The short answer to the title question is, “Sometimes.” There are myriad swimwear styles with a variety of ideal fits! Here, we’re going to talk about the right fit for different styles of swimwear, and touch on how to choose the type of swimwear most suitable for your needs and taste.
For a proper fit when choosing a traditional one-piece swimsuit or bikini swimsuit, it’s best to look for a lingerie-like fit. Consider that swimsuits in these ubiquitous styles look and function optimally when they look tight but don’t feel very tight. You want to feel secure and supported while avoiding any binding or restriction of movement. To avoid gaping or gapping that could cause an embarrassing wardrobe malfunction, your bikini or one-piece should lie flat against your skin at all the openings and edges, without biting into your skin. If you can comfortably fit two fingers between the leg opening or back edge of your swimsuit, but it immediately snaps back to lying flat when you remove your fingers, you have likely achieved a perfect fit, measurement-wise.
With the greater coverage offered by tankinis and other swim separate combinations comes greater variety of fit! Blouson tankini tops, for example, are designed to be looser and flowing around the midsection, with a fitted band at the top and bottom to hold the top in place and protect your privacy. You’ll want to use the “two fingers” test on the top and bottom bands, but the rest can be as voluminous as you like! Flyaway and empire waist tankini tops should have a bra-like fit at the bustline—often with bra band styling!—but the “shirt” part of the top might be quite flowy or roomy. These are just a few examples of tankini tops that, generally speaking, will not be tight at all. Some tankini tops are meant to look more like trim tank tops, lying close to the body, and will certainly cling when wet.
Tankini bottoms fall under “swim separates” and can be almost anything you like; we are living in a swimwear utopia where almost any style you can imagine wanting in a swimwear bottom is available! If you chose a traditional bikini brief, boy short, or similar, your swim bottom should be relatively tight, but not binding. Use the “two fingers” test to make sure you’re not needlessly making yourself uncomfortable. However, you might choose board shorts as your swimwear bottom, or bottoms cut like athletic shorts, or even swimwear capris! Those should skim the body without being tight at all, though they will cling when wet.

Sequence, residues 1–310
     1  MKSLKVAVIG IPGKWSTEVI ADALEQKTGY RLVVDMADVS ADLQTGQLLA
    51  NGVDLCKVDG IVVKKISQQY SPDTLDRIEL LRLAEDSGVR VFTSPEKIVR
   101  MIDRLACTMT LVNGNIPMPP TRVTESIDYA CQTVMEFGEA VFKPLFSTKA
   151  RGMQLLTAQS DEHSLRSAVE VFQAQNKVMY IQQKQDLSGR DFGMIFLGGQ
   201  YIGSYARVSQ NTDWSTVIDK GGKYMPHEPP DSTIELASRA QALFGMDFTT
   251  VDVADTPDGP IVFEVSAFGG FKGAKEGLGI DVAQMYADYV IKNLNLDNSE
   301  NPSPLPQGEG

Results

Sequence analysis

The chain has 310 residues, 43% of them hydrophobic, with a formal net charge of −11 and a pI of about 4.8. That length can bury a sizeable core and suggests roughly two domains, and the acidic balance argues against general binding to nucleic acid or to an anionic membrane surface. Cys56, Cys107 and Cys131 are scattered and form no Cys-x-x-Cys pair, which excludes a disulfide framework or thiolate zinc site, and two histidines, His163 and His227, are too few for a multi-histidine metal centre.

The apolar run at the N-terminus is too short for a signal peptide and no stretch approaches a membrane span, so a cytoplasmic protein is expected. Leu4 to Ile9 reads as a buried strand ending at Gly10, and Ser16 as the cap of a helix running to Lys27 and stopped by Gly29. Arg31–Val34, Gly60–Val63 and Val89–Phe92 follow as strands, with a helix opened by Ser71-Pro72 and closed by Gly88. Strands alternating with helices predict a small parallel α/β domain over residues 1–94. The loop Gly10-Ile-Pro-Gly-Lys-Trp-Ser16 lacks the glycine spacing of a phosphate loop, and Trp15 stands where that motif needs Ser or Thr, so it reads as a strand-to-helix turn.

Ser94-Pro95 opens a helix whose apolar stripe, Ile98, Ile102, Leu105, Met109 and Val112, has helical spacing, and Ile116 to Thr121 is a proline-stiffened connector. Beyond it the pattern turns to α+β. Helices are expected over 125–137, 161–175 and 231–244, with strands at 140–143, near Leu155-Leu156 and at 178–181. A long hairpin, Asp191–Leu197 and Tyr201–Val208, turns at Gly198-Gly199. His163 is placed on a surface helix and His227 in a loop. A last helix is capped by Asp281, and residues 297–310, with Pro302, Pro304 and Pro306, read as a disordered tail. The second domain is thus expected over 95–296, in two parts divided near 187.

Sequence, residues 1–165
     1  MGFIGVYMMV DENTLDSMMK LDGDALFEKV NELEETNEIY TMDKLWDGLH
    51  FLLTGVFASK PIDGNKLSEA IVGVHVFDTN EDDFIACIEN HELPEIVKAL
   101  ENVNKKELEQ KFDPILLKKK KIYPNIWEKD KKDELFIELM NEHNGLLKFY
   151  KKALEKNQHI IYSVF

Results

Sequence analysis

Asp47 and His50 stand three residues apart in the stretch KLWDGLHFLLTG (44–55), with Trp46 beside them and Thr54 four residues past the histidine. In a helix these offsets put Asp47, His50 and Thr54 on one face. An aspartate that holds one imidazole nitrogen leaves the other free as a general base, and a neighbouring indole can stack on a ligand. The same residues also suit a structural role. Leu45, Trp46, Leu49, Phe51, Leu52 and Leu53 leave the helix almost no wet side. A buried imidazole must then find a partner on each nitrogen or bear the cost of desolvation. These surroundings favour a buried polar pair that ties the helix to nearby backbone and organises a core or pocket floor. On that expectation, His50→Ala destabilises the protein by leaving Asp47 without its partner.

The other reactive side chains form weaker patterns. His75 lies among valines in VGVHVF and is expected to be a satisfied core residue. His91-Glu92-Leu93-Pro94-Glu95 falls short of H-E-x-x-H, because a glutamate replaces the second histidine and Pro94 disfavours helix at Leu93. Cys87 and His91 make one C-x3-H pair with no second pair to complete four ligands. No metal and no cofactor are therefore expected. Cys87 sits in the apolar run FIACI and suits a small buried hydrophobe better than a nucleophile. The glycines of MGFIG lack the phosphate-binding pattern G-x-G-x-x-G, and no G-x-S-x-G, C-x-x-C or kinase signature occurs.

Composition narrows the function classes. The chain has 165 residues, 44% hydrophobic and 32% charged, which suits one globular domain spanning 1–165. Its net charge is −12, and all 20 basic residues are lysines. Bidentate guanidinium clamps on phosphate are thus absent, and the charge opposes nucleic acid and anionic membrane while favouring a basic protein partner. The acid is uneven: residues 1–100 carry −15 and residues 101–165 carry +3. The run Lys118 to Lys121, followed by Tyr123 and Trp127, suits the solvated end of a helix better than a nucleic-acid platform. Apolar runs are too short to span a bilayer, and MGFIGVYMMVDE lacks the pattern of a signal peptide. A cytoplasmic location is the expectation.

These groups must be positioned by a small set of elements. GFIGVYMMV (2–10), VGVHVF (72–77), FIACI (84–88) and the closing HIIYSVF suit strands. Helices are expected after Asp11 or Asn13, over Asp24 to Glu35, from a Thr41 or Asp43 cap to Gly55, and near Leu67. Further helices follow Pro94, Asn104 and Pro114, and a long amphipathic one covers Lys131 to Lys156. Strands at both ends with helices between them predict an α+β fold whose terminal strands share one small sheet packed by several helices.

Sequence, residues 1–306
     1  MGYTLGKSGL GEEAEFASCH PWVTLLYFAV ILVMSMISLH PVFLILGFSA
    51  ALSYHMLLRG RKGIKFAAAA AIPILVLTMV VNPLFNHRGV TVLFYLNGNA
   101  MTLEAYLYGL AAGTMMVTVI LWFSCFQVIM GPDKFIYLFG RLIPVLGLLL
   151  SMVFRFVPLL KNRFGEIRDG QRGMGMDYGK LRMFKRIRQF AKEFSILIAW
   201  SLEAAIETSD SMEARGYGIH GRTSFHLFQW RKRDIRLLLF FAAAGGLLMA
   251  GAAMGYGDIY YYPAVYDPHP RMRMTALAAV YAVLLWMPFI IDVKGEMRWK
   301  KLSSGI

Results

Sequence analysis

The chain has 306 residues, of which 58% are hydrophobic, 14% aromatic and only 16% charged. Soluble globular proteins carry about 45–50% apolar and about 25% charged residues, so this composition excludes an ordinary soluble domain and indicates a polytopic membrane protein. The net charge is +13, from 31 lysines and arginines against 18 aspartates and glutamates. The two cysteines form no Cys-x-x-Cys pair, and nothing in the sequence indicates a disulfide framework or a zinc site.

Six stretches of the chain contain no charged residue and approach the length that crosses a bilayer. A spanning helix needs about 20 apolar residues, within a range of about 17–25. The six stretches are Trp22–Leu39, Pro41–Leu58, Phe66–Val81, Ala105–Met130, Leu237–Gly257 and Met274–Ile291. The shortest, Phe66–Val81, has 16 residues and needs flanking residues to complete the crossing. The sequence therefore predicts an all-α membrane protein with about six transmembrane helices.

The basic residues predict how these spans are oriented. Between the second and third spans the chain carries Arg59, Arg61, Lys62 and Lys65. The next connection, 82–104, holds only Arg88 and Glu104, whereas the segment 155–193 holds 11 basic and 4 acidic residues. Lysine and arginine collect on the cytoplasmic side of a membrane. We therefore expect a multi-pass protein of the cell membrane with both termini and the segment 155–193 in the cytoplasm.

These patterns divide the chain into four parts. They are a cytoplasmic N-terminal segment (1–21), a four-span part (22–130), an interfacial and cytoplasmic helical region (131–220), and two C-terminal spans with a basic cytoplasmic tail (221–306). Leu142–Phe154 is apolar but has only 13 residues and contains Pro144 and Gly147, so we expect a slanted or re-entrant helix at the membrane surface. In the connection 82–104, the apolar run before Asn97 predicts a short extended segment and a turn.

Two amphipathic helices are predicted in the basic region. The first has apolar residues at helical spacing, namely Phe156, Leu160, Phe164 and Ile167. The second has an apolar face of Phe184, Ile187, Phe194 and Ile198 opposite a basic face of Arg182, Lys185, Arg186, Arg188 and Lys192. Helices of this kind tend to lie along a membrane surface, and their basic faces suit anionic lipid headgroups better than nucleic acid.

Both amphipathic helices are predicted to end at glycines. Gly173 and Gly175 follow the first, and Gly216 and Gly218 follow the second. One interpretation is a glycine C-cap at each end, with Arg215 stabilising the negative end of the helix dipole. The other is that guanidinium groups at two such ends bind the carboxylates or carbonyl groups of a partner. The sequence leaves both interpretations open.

These are design features often employed in swimwear that may alter the feel of a particular swimsuit on your body. Any one-piece swimsuit or swimwear bottom might feature an attached skirt, and that skirt can be anywhere on the spectrum from a retro-inspired super-tight ruched skirt to an athletic-looking A-line tennis-style swim skirt to a full, flirty circle skirt, albeit quite short! Skirts usually provide a bit of extra coverage to any swimwear, and as long as the underlayment protects your privacy, the skirt can be as tight or as flowing as you like.
Ruching, simply defined, is an overlay of fabric that has been gathered, fluted or pleated to create horizontal ripples in clothing. Ruching can be wonderfully flattering on the body and is often used in swimwear design; if you choose a suit with ruching, you may find it has an easier fit, though you will want to take care that the ruching doesn’t lose its ripples going over larger body contours. That would rob it of its charm!
Retro styles, such as high-waisted bikinis, tight ruched skirts, and straight-bottom one-piece suits, usually with a sweetheart neckline and halter top, were designed to both look and be tighter. Part of the aesthetic was to slightly squeeze voluptuous figures and let the “dent” showcase a particularly soft and luscious body part. If you like this look, you might choose to wear a tight swimsuit, or you can revel in the contemporary design and fabric improvements that will let you capture those silhouettes without the deep red dents in your skin when you finally remove your swimsuit. The choice is yours, and yours alone.
Right now—literally today—covering as much or as little as you wish with your swimwear ensemble is completely acceptable in our culture and society. Gone are the days of sheepishly wearing a T-shirt over your swimsuit. You can simply choose to wear a rash guard and get on with your enjoyment of the beach or pool, and no one will give it a second thought. If you like more traditional swimwear options and the tighter fits they call for, that’s fabulous, and if you don’t, that is fabulous, too. You can look cute and appropriate no matter your needs or taste.